Programming and Problem Solving by Connecting Diagrams

This is a demonstration of the VIP (View Interactive Programming) program. VIP allows the user to create scientific programs or to solve physics problems by connecting diagrams that represent physical and mathematical principles. The following example shows a specification for calculating the mass of the sun, following Newton's reasoning, by equating the gravitational attraction of the sun on the earth with the force required to keep the earth in circular motion.

This demo is created by selecting physical principles and connecting buttons on the diagrams to signify that quantities are equal. In the above diagram, the user first selects Physics from the command menu, then Force principles, then Gravitation to get a gravitation box and position it on the screen. Next, the user gets a Centrifugal Force box and adds it to the screen. By clicking on the f buttons in each box, the user signifies that these forces are equal; the system responds by drawing a line between the two f buttons.

The user selects Constant to obtain a menu of built-in constants, and then Mass and Earth to get a constant for the mass of the earth; this is connected to the two mass buttons in the boxes. Similarly, a Length constant for the Earth-Sun distance is connected to the two radius variables. The Output box is moved using the Move command and connected to the other mass button of the Gravitation box; this will be the answer, i.e. the mass of the Sun.

At this point, everything is specified in the diagram except the v button in the Centrifugal Force box; this is the velocity of the earth in its orbit. This can be found by noting that the earth goes around the sun in one year. The Geometry command is selected, and a Circle box is obtained. The radius of this circle is the Earth-Sun distance; by dividing the circumference of the circle by a time constant of one year, the velocity of the earth is obtained. The Op command allows a / box to be added to the picture. Finally, giving the Done command generates a program to do the calculation.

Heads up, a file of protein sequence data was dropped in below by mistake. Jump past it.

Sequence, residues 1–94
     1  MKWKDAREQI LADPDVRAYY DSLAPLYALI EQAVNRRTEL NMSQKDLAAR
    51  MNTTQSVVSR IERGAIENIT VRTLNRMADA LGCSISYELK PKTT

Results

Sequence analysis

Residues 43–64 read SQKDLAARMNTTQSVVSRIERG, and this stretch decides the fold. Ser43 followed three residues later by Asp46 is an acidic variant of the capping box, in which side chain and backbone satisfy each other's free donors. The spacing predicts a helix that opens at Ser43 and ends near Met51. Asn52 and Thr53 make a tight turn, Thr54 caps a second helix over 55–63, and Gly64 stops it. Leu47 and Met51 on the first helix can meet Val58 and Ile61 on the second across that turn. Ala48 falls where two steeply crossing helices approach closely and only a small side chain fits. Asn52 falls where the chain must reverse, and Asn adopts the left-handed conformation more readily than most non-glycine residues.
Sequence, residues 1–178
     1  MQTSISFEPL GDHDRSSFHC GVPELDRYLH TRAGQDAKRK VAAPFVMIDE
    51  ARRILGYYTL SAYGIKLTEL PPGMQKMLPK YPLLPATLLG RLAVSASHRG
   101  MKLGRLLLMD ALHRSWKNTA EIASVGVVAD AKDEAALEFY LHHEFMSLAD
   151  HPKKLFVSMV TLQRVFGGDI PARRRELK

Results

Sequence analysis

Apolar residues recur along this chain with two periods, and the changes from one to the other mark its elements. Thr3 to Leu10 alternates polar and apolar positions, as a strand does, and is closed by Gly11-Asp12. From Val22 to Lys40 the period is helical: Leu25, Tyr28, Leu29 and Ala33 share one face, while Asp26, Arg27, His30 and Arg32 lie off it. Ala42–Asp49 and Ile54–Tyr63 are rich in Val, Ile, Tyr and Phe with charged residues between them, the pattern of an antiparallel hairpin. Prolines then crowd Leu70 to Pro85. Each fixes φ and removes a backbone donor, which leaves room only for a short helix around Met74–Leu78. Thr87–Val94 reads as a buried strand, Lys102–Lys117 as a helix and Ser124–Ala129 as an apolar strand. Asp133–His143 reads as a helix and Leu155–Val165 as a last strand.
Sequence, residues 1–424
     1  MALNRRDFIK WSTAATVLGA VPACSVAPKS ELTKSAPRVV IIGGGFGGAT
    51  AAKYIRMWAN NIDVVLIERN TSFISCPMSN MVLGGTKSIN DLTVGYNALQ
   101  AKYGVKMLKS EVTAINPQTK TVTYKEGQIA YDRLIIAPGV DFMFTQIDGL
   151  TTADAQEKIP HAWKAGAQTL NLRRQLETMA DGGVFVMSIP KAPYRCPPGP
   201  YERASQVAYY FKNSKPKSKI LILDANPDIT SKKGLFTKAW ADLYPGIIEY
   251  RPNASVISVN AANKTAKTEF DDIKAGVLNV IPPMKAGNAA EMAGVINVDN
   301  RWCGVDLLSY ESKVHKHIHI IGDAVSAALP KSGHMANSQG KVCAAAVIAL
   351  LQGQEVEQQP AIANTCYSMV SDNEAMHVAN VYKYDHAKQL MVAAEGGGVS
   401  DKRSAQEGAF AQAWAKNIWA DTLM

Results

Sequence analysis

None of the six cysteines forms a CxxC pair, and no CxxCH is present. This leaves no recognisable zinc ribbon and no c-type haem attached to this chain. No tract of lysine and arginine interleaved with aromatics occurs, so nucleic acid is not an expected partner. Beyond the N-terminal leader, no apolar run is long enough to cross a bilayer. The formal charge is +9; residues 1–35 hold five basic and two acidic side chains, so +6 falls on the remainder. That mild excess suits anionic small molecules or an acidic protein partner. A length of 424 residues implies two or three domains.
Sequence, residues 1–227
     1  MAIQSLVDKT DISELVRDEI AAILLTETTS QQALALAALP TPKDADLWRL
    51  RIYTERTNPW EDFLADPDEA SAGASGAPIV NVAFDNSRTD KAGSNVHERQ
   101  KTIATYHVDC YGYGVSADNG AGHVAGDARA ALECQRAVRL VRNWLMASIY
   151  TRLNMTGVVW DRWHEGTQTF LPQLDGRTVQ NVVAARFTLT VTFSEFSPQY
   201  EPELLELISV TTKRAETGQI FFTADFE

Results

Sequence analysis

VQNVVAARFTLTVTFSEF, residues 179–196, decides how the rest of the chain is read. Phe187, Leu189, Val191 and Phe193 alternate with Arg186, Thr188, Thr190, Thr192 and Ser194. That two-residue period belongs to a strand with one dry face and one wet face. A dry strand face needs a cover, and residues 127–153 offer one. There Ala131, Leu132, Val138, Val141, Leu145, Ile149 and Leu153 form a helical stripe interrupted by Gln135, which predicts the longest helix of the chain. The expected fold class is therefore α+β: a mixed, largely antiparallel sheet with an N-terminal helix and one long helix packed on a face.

When the program is started, a window is created with a command menu and input and output areas. Use the command Output Language to select the desired language for the program that is created. (The actual program will be served to you in a file that is presented after the demo program is terminated.) Use the input lines to specify the name and type of each input variable, one per line, in the format shown. Examples are (radius integer) and (speed (units real mph)). Then select the command New Program to start VIP.

A VIP program is created by connecting diagram boxes that represent variables and physical and mathematical principles. A connection signifies that two quantities are equal. To make a connection, click the mouse, once for each end of the connection, on variable boxes or on "buttons" associated with diagrams. To get a useful program, there must be a connection to the OUTPUT box.

The VIP commands are as follows:

Note: For remote users, it may take several minutes before the connection to X is fully established. After clicking in an input area and typing, you may have to wait a few minutes before typing is echoed.


  1. You must be logged in to a host running X windows.
  2. Type xhost + (exactly as shown at left) in a window on that host to allow this server to write to your display.
  3. Enter your X display name here if needed; you may need to change what is shown in the box to your X display name. For example,
  4. Click to start the demo.
Gordon S. Novak Jr.